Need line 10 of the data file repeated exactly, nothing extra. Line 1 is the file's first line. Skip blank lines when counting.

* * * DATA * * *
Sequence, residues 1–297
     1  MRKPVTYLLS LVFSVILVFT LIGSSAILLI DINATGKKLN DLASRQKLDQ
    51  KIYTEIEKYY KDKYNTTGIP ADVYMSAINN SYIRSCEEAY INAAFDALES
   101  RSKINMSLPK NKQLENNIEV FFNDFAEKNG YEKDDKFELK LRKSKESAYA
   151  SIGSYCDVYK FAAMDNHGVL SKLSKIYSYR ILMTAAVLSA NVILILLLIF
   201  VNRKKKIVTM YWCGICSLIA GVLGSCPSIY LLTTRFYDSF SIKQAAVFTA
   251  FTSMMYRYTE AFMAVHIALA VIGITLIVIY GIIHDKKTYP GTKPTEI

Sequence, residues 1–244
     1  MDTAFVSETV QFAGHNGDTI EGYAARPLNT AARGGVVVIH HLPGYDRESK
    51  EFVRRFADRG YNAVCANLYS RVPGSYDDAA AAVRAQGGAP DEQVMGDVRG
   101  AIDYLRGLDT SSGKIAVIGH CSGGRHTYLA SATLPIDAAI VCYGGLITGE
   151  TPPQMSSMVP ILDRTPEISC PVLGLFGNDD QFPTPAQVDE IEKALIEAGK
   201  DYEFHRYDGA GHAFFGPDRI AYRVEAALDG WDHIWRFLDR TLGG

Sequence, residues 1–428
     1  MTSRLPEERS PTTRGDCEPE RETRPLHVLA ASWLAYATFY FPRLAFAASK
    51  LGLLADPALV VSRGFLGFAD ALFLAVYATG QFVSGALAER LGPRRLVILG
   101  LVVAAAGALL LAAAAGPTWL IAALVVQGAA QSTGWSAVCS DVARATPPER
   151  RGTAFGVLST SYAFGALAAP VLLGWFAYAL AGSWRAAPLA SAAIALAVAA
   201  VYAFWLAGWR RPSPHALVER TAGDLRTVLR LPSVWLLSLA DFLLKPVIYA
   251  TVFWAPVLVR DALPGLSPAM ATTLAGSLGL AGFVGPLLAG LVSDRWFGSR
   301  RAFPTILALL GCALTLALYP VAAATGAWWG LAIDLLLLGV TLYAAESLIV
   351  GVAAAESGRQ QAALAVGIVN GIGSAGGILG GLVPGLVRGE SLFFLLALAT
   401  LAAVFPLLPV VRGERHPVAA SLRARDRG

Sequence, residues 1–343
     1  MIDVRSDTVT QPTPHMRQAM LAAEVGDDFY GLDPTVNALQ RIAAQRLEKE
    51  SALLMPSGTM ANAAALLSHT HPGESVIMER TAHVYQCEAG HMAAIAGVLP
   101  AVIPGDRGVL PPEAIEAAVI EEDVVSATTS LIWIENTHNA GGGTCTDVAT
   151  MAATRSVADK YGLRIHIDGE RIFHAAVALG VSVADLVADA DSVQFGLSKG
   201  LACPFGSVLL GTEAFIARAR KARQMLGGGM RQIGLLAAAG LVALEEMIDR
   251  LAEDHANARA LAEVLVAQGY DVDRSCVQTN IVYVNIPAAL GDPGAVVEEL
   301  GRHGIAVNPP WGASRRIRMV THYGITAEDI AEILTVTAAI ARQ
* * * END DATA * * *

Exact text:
    51  EFVRRFADRG YNAVCANLYS RVPGSYDDAA AAVRAQGGAP DEQVMGDVRG